The accounting profession is as old as money, but thankfully we've come a long way since the days of the abacus. Even though there are a wide variety of accountants today, the basic principles remain the same.
Because multinational corporations are becoming commonplace and the financial industry is growing, accountants are more important than ever. The diversification of roles and the breadth of the accounting profession appeals to many kinds of people, such as investigators, mathematicians, financial advisors, consultants, and more.
This guide provides you with a basic understanding of accounting and the opportunities available to be successful within this profession.
The five most common types of accountants include financial managers, tax accountants, public accountants, auditors, and forensic accountants. A minimum of a bachelor’s degree is generally required to enter the field. However, many accountants seek a graduate degree to help speed their advancement in the field or facilitate a change in specialty. Most certifications also require a certain number of hours per year of continuing education as a way of making sure practitioners keep up to date on the latest developments.
According to the Bureau of Labor Statistics, the projected job growth rate for accounting is around 16%, which is slightly higher than average. Accounting is essential to any and every business, so the field tends to experience a steady growth rate even in volatile economies. The average earnings for accountants are decent. The upper echelon in financial management earn over $80,000 per year on average, and most others average between $40,000 and $70,000 per year depending on their level of education and certifications.
This chapter gives you an idea of the importance of accountants in the modern business world. The wide variety of roles accountants fill in the public and private sector make accounting one of the most important professions in the modern economy. Two of the most important characteristics of a great accountant are competency and integrity. Accountants wield great power over the companies and organizations for which they work. A good accountant can save a company millions of dollars, while an incompetent accountant can cost that company millions. Accountants without integrity have been the perpetrators of some of the biggest frauds and thefts in the history of the world.
This section highlights some of the most common certifications pursued by accountants. Each of the resources below lists the requirements that must be met in order to sit for the exam. You will also find a detailed explanation of the purpose of each exam and the roles that these certified accountants play in business.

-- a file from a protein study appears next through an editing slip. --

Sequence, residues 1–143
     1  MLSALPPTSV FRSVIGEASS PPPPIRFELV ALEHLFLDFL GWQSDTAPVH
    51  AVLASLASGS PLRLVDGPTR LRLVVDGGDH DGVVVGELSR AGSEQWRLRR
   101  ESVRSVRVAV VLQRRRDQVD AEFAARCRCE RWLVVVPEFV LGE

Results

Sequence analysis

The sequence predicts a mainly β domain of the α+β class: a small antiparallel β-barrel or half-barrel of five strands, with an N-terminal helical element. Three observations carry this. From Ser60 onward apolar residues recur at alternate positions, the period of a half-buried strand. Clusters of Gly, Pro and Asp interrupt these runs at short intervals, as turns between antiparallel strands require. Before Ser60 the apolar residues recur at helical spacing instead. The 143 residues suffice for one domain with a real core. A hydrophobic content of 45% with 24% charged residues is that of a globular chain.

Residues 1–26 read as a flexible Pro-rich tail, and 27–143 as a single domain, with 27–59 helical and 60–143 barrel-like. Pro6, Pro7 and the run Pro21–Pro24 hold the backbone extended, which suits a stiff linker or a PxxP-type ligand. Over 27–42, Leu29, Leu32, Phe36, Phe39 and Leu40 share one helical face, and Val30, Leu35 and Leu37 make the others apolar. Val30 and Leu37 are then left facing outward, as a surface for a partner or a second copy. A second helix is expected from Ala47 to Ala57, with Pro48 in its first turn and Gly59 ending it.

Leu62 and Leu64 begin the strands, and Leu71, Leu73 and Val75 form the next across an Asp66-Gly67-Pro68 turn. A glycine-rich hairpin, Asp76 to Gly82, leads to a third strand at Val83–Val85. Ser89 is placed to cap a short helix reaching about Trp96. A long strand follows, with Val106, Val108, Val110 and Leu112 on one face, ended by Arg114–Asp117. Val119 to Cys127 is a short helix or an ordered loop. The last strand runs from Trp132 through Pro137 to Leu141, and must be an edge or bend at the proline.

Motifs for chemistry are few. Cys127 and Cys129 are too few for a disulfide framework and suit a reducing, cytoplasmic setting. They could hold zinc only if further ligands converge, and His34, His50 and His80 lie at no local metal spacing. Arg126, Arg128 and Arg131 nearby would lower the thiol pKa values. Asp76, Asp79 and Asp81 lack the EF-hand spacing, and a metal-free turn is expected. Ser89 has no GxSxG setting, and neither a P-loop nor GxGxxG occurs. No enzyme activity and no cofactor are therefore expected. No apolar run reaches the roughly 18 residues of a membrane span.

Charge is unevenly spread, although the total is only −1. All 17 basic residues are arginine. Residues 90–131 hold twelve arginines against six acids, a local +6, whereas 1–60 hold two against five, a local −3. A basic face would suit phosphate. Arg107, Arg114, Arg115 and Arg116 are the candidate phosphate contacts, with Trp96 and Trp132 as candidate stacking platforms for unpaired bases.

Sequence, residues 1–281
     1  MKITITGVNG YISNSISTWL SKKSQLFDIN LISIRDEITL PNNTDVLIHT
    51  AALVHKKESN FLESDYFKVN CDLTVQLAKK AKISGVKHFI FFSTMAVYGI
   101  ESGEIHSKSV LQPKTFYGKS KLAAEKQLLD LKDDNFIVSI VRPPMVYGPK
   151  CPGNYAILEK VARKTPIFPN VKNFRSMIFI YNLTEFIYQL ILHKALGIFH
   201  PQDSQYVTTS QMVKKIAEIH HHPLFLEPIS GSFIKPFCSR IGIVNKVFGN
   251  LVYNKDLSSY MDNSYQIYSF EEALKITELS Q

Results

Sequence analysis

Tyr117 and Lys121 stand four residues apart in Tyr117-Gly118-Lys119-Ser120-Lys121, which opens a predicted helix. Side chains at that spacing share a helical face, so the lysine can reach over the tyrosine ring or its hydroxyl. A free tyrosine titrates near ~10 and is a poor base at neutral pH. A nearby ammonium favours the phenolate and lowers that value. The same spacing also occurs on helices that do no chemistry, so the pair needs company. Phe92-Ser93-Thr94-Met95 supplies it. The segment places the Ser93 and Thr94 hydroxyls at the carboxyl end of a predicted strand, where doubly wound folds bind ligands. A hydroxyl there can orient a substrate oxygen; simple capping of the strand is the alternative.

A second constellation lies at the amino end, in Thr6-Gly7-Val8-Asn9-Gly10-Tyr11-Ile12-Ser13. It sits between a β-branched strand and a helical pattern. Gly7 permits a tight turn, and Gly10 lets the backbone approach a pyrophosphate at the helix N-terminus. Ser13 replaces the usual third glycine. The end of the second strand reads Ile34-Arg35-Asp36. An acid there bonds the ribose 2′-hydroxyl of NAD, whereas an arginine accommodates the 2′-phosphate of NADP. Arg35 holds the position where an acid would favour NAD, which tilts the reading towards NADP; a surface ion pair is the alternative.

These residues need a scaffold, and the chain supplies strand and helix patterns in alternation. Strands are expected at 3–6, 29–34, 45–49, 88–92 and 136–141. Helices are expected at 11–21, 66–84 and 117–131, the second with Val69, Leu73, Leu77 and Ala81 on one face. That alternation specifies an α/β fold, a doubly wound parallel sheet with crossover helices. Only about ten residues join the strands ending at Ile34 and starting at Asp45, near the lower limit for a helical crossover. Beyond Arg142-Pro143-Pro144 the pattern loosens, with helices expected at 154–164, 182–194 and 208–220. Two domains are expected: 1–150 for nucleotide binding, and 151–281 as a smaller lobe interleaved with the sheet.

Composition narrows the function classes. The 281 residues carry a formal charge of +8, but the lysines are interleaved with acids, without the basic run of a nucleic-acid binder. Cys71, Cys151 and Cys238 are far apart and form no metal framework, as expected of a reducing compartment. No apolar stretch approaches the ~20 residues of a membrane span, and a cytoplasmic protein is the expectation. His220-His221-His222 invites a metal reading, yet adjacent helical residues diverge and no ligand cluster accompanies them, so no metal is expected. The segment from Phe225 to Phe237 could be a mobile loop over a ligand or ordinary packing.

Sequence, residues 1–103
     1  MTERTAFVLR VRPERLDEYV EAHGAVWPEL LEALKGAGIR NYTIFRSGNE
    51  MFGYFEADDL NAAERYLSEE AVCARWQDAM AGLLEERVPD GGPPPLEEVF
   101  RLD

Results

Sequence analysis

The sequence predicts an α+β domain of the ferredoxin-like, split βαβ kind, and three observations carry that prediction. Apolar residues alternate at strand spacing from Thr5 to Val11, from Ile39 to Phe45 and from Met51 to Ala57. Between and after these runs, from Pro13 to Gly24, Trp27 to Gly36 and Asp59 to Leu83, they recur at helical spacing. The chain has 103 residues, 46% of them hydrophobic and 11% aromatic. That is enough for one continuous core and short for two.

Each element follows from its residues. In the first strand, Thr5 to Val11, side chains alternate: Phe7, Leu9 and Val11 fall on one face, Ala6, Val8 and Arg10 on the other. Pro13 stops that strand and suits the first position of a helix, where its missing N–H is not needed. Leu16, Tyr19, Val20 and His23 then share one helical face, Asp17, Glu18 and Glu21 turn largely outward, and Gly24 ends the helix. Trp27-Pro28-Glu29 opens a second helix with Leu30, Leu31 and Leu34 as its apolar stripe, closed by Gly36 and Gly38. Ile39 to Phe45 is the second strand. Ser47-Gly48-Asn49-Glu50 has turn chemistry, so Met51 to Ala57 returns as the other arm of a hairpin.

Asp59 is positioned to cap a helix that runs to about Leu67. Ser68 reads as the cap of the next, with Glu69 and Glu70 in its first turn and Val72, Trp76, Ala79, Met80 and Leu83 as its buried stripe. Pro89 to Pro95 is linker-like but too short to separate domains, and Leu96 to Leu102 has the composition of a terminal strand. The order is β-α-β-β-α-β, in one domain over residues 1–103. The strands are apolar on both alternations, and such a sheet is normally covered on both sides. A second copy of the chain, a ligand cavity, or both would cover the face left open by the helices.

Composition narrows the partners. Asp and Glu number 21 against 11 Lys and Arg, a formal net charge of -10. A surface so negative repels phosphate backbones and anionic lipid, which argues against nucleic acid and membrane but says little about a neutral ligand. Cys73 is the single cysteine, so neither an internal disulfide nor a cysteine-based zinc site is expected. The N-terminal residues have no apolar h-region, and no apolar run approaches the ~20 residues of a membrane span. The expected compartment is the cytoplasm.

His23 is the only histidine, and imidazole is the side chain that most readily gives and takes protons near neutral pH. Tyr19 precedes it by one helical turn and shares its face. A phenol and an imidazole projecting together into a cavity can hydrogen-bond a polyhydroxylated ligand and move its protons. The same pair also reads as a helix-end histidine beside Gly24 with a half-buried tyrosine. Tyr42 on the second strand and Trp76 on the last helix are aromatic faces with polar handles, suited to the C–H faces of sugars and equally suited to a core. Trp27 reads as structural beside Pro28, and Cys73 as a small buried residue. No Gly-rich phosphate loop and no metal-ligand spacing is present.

Requires 120 - 150 credit hours.
Requires bachelor’s degree and 2 years in field.
Requires bachelor’s degree and 2 years experience in field.
Requires bachelor’s in accounting or finance and 2 years experience in field.
Requires 5 years experience at IRS, or take special enrollment exam. No formal degree requirement.
The trend in many states has been to raise the education requirement for the CPA exam to 150 credit hours. Many accountants choose to satisfy this requirement by pursuing a Master’s in Accounting or MBA in Accounting program. Not all programs meet the requirements; therefore, be sure to choose the appropriate graduate program in your state.
The Certified Management Accountant Certification is a common certification sought by accountants that wish to become executives or financial managers. The focus on this exam is on accounting management in the private sector, as opposed to the public sector. This exam’s educational requirements are not as intensive as the new CPA exam requirements, which has incentivized many current students to choose this certification over the CPA certification.
The Certified Fraud Examiner Certification is for those that wish to serve as investigators for law enforcement organizations or as internal auditors for companies. This certification is often earned in addition to other major certifications depending on what role the accountant wants to play in the field.
All accountants need to be familiar with the industry standard tools such as Excel and Quickbooks Pro. The links below are training tutorials for five of the most important industry standard software programs for accountants. The way these programs are used in a corporate or government agency setting are vastly different from the way they are used by the average person; therefore, specialized training is important. Each of these programs has a considerable amount of depth, and these tutorials will help you work toward mastery.
When considering the strength of a university program, an interesting distinction is between top schools in general and top schools for a particular program. Below are the top five accounting programs (in order of their rank) as ranked by U.S. News and World Report.
Whether working for a multinational corporation, personal client, or the IRS, accountants make sure every dollar is in its place. They are the backbone of industry.
Accountants must possess mathematical and technological skills in order to be efficient in the execution of their duties. The smallest mistake can have grave costs for an accountant’s employer or client. Accountants in the private sector are trusted to safeguard their company's information and to ensure a company’s or client’s compliance with federal, state, and local regulation. Government accountants provide the same service for government organizations. There are also accountants that serve as a part of various law enforcement and regulating bodies within the government, to ensure that companies are not defrauding investors and customers.